By Steve Gutterman
MOSCOW (Reuters) - Hours after President Vladimir Putin and his wife, Lyudmila, told Russians their marriage was over, an anchorman on a satirical on-line show gravely announced the latest news: Putin has named Lyudmila "acting First Lady".
It was a joke, of course, but Russians say there's a touch of truth in every joke: While the reasons for the separation may be deeply personal, the staged admission of a long-suspected estrangement was Putin's latest pragmatic political gambit.
The announcement was a piece of damage control, meant to tie up a loose end that has clouded the former KGB spy's image and allow him to tackle the six-year third term he started in May 2012 with a clean slate.
"It became necessary to resolve this situation - there were too many rumors swirling around, including that he has sent his wife to a convent," said Alexei Malashenko of the Carnegie Moscow Center.
Putin has mixed personal ties with politics in 13 years in power, seeking to strengthen his grip by shuffling his allies around and pushing foes from his path.
Now his wife of 30 years, long absent from his side, is officially out of the picture - almost like a Soviet apparatchik airbrushed from photographs after falling into disfavor.
Putin has championed family values and held out the Russian Orthodox Church as a moral guide for a society he says was set dangerously adrift by the Soviet collapse.
But the rhetoric has rung hollow against a backdrop of speculation he had abandoned Lyudmila, 55, for Olympic rhythmic gymnast Alina Kabayeva, 30, and fathered her child.
Blogger Leonid Volkov believes Putin wanted to erase the image of an unfaithful husband: "I've heard taxi drivers say it many times: 'If he's cheating on his wife, it means he's deceiving the country,'" he wrote on Twitter.
Some of Putin's foes praised the decision. Opposition politician Boris Nemtsov said it was a rare show of honesty.
"Political life in Russia just became a bit more human," media magnate and Putin critic Alexander Lebedev tweeted.
Divorce is widespread in Russia, where many people marry young and the upheaval that followed the collapse of Communism has strained the social fabric.
"When I heard it over the television I was in shock," said Lyubov Andreyeva, a retired teacher in Moscow. "But at the same time if there is no feeling left and the children are grown up, what is the point of continuing the game?"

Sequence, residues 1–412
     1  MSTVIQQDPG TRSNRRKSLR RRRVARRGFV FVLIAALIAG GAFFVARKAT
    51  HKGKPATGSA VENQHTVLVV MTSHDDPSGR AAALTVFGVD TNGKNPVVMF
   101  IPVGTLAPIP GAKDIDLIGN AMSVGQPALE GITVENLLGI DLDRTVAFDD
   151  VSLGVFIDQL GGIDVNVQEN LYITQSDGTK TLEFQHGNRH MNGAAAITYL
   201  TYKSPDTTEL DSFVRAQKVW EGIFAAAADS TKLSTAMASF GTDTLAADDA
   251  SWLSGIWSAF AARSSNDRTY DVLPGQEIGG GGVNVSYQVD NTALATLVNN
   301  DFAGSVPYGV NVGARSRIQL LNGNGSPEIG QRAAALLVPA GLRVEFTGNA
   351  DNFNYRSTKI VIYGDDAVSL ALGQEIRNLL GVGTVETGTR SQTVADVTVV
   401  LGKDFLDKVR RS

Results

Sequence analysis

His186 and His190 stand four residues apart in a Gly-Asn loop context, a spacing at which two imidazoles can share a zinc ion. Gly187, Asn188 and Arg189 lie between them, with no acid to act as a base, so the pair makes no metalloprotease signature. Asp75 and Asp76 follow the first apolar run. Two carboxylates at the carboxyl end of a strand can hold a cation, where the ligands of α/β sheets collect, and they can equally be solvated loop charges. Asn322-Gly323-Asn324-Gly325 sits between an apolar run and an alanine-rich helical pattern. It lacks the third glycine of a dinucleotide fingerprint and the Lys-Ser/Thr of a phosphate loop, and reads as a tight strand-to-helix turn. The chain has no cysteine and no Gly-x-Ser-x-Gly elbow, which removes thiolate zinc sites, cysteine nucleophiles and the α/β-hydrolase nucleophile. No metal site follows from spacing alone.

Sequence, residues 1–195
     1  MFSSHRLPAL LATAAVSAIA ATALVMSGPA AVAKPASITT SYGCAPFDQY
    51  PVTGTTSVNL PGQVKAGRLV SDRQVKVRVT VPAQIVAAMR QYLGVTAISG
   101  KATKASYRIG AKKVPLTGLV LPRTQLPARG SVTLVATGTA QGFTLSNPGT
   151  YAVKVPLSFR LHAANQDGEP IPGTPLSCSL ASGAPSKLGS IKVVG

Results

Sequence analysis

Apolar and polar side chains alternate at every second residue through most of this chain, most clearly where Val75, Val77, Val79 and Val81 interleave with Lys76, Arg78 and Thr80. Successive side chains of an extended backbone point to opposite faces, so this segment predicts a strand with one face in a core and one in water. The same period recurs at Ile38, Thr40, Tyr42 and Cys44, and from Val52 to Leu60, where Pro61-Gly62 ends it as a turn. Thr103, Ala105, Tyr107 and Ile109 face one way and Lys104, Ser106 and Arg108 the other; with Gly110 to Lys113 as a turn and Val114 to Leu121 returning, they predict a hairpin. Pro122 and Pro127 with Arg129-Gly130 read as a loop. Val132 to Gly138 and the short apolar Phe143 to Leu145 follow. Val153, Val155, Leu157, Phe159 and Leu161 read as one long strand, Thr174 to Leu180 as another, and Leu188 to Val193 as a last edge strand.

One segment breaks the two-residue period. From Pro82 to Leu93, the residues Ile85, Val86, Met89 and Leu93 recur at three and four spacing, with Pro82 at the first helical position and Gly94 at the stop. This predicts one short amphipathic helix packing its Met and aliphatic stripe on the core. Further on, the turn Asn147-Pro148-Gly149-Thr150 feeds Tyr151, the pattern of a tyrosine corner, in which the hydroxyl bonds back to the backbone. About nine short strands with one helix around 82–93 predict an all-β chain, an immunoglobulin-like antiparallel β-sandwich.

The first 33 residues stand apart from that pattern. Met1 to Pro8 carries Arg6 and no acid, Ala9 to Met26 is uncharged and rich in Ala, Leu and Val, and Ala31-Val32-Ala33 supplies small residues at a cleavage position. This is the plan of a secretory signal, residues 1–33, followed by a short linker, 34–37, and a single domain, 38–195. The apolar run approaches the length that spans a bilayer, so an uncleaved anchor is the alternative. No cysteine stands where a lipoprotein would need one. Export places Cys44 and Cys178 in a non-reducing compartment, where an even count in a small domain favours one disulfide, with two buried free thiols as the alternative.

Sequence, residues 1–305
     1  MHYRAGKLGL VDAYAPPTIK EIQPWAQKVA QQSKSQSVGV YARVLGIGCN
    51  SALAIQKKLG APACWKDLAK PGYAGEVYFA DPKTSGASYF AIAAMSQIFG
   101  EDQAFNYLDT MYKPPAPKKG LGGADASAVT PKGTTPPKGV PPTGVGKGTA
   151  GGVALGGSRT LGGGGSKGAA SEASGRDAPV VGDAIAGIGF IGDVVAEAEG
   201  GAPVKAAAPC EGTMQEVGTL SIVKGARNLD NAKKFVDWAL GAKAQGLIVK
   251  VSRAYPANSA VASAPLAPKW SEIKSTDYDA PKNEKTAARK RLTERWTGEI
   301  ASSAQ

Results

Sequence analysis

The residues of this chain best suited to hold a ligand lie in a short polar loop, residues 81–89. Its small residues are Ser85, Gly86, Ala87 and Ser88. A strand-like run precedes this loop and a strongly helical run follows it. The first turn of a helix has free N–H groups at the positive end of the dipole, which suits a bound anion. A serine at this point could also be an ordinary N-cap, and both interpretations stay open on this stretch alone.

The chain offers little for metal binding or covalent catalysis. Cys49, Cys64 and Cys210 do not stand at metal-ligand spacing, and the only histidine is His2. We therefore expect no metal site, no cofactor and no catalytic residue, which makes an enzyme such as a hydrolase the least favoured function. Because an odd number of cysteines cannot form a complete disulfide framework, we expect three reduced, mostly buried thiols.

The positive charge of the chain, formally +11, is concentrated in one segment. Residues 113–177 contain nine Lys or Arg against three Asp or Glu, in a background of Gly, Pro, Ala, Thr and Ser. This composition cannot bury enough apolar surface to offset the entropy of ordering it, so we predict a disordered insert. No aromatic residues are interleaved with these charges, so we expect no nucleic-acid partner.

"I think the public will understand this decision and Putin will become more popular because everyone will see he is a regular, normal man, he can have family problems, like anybody else," said Malashenko.
But some Russians said the admission came too late.
"I think the time to do this was long ago because everyone already more or less knew about poor Lyuda, that she had gone insane or been sent to a convent or died," said Yulia Tsoy, a Muscovite. "It was senseless to continue that circus."
No Soviet leader or Russian president has divorced, and pro-Kremlin pundits cast the announcement - which the Putins made to a reporter after visiting the ballet in a rare public outing together - as courageous.
Irina, a 45-year-old homemaker in the Moscow suburbs who did not want her last name used, had a different word: "repulsive".
"This was done in a tacky way: 'Oh, the ballet was beautiful and I'm dumping my wife'", she said.
Irina is among Russians who are left cold by the stunts Putin has used to cultivate a manly image, from riding bareback without a shirt to stalking a tiger in Siberia in the name of wildlife preservation.
"I don't care about anything except how he governs," said another Irina, 63, in St. Petersburg, Putin's home town. "But he is the first of our leaders to allow himself this ... What I want to know is how she stood him for so many years."
Putin's job approval rating is lower than during his first two terms as president and fell to a 12-year low of 62 percent in January, according to the independent Levada Center.
"One of the most loyal segments of the electorate - married women - may now waver," political analyst Boris Mezhuyev wrote in Izvestia, a pro-Kremlin newspaper. "Putin has taken a quite risky and courageous step."
While the awkward joint appearance before a state TV camera late on Thursday confirmed what most Russians already assumed, it left the most titillating questions unanswered: Is Putin seeing another woman - or women - and will he marry?
For years, speculation has focused on Alina Kabayeva, a 2004 Olympic gold medalist who is now a parliamentary deputy for the Kremlin-backed United Russia party. Kabayev was the subject of a flattering documentary on state television in late May.
In 2008, at a news conference in Sardinia with then-Italian Prime Minister Silvio Berlusconi, Putin said there was no truth to a report he was to marry Kabayeva. He told journalists to keep their "snotty noses and erotic fantasies" to themselves.
In a poll on website peoplepassion.ru on Friday, about half the respondents clicked a box to say Kabayeva would be Putin's next wife, while almost as many said he would not remarry.
Ekho Moskvy radio cited spokesman Dmitry Peskov as saying there was no other woman in Putin's life and that he was too busy governing to have a family life. State TV said the couple have not divorced and that Putin still wore his wedding ring.
Tatyana Tsoy, a 52-year-old nanny, said the separation statement had clouded her image of Putin.
"I think his authority is already waning," she said.
(Additional reporting by Thomas Grove, Gabriela Baczynska and Douglas Busvine)